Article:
Thank goodness, the state of Tennessee understands the dangers of Instant Runoff Voting.
If you recall, it was approved by Memphis voters in the August election. However, a state election official has tossed it.
Here’s what the Daily Memphian reports:
Tennessee Elections Coordinator Mark Goins ruled Friday the Shelby County Election Commission cannot use instant-runoff voting in this October’s city of Memphis elections.
The ruling comes three months after a referendum in which voters approved keeping the system in place. IRV allows voters to rank Memphis City Council candidates in order of preference instead of choosing just one candidate.
The memorandum opinion and final declaratory order by Goins concludes the election commission “cannot legally implement a process for redistributing and allocating votes using a system of ranking candidates to determine an instant runoff winner for elections in the city of Memphis under mandates of current laws adopted by the General Assembly.”
“Even if instant-runoff voting were authorized by state law, questions remain whether the proposed procedures would comply with Article 2, Section 7 of Memphis City Charter, although the coordinator cannot authoritatively interpret the charter,” Goins ruled.
The 2008 charter provision Goins cited requires that IRV be implemented “consistent with the mandates of federal and state law, and all applicable court decisions.” It also requires IRV to “go into effect prior to the next municipal election unless the Election Commission certifies that voting machine limitations made its implementation in time for that election unfeasible.”
Instant-runoff voting has never been used in a city election.
Goins ruled in a motion filed by the election commission before an administrative judge. The judge, Rob Wilson, ruled on procedural matters with Goins making the decision.
Goins’ formal order matches what he advised the election commission in a September 2017 directive. The state elections coordinator’s directives are considered the final word for election commissions unless or until they are challenged in court and overruled.
Shortly after becoming Shelby County Elections Administrator in 2017, Linda Phillips told the commission she had found a way to implement IRV on the county’s current touch-screen voting machines by lining up the same council race three times across the screen – allowing the first preference in the listing on the left of the screen, the second choice in the center, and the third in the listing to the right.
In his ruling Friday, Goins noted the IRV charter provision doesn’t limit voters to ranking just three candidates in a single race. Though he declined to interpret the charter provision, he noted “there is not authority for the SCEC to limit the ranking of candidates to three.”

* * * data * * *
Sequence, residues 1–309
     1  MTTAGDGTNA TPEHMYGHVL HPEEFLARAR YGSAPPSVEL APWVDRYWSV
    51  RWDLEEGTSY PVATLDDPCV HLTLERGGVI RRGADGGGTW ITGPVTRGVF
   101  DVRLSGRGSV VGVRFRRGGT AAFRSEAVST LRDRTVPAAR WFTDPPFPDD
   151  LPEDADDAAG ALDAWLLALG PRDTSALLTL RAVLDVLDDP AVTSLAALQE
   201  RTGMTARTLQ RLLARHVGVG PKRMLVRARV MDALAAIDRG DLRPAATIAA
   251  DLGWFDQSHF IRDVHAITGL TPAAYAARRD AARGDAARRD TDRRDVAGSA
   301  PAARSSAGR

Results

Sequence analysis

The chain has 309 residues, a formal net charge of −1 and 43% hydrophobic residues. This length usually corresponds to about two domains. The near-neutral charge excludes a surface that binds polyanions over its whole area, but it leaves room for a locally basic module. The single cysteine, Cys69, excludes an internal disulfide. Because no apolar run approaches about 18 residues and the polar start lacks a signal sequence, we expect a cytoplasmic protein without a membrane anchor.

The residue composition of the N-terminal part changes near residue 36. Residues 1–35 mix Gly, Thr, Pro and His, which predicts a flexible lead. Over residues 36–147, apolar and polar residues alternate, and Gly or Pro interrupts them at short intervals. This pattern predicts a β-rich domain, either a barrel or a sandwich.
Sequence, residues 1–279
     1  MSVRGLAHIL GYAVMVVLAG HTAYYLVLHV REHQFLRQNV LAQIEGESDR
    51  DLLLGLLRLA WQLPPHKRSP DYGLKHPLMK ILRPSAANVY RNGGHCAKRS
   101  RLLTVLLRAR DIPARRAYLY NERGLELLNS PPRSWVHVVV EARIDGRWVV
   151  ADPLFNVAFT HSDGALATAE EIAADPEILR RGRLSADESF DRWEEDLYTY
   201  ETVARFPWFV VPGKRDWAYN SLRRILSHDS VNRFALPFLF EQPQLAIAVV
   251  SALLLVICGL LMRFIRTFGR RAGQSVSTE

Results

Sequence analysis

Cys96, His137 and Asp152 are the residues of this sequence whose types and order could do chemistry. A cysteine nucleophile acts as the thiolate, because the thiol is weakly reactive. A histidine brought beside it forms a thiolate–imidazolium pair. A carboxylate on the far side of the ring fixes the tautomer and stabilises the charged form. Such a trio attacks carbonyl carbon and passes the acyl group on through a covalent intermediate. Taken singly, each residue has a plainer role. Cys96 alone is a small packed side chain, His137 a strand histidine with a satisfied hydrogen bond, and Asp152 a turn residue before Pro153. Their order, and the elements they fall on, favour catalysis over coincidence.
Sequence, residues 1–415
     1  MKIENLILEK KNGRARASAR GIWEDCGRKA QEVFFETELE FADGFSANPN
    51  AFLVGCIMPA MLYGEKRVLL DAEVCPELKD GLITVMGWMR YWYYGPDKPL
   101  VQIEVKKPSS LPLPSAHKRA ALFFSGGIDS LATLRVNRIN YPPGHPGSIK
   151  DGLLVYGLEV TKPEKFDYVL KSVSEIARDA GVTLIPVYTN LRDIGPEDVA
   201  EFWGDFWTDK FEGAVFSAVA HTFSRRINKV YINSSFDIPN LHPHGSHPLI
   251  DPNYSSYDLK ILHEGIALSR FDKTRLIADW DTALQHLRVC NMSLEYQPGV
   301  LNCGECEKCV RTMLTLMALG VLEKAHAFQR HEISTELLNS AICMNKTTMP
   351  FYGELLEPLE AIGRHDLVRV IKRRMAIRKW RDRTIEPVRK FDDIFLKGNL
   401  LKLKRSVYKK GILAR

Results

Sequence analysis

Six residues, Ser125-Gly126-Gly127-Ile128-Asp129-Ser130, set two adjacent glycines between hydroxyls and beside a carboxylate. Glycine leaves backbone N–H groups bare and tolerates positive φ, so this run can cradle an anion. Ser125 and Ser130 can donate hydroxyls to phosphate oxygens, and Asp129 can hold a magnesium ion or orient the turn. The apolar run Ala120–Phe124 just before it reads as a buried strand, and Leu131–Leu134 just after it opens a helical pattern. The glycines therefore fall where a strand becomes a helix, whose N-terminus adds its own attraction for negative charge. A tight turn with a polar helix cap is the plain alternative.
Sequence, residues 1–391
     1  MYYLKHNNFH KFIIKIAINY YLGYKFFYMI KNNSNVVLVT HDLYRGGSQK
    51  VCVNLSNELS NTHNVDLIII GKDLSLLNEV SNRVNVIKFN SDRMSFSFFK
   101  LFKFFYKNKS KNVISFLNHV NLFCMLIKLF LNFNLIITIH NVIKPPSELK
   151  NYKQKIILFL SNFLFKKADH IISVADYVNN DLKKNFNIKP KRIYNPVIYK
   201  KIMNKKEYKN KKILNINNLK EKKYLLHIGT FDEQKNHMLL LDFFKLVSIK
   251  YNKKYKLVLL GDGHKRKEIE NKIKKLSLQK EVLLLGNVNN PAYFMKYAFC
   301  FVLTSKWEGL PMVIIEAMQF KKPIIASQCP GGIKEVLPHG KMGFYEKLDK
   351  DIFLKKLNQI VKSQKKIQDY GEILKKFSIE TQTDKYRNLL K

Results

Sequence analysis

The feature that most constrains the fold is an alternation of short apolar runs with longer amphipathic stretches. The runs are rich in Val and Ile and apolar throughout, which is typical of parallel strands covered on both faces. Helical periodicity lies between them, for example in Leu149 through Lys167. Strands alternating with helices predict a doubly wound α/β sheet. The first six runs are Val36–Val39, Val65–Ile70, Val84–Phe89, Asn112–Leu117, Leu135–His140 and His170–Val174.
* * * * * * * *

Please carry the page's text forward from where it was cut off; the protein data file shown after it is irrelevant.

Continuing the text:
“If the city of Memphis adopted an ordinance allowing voters to rank four candidates in the IRV process, then the AccuVote TSX DRE could not be used,” he added.
His larger point is that the city hasn’t put policies in place for using instant-runoff voting.
Those include “how to treat over-votes … how to treat skipped rankings … how to treat under votes … how to treat single-shot voting, known as bullet voting … how many rankings to use … and what happens if there is not a majority winner after the rounds of counting are complete.”
Another city charter provision establishes runoff provisions that since 1995 have applied only to races for the seven single-member City Council districts. In those races where no candidate gets a majority of the votes, the charter provision calls for a later separate runoff election between the two candidates who received the most votes.
That provision appears to be in conflict with the 2008 IRV charter amendment. Goins did not address it formally in Friday’s order, other than to say he no longer believes the state law governing runoff election provisions applies to the city of Memphis.
In 2018, city voters rejected a charter change question the council put on the ballot that would have repealed instant-runoff voting. The same voters also rejected a ballot question that would have eliminated the runoff provision.
Goins’ decision dealt only with whether state law allows the election commission to implement IRV.
The election commission can file a petition asking Goins to reconsider by March 4, and he would have 20 days to decide. If Goins chose not to take any action during that period, it would be considered a denial, and any denial could be appealed by April 16. The election commission could also appeal with a filing in Chancery Court in either Shelby County or Davidson County no later than April 16.